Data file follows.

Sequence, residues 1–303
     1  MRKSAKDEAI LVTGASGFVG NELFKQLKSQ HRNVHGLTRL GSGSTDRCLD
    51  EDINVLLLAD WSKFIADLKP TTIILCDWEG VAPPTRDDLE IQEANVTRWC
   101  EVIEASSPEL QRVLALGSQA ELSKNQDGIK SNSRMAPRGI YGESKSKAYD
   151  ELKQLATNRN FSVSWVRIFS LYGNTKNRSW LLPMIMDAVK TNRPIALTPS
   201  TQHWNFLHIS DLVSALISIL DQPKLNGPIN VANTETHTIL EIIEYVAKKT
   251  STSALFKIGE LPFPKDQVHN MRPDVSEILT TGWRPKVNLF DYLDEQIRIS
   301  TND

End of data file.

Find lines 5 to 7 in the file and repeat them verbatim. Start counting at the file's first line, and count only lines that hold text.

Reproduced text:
   151  ELKQLATNRN FSVSWVRIFS LYGNTKNRSW LLPMIMDAVK TNRPIALTPS
   201  TQHWNFLHIS DLVSALISIL DQPKLNGPIN VANTETHTIL EIIEYVAKKT
   251  STSALFKIGE LPFPKDQVHN MRPDVSEILT TGWRPKVNLF DYLDEQIRIS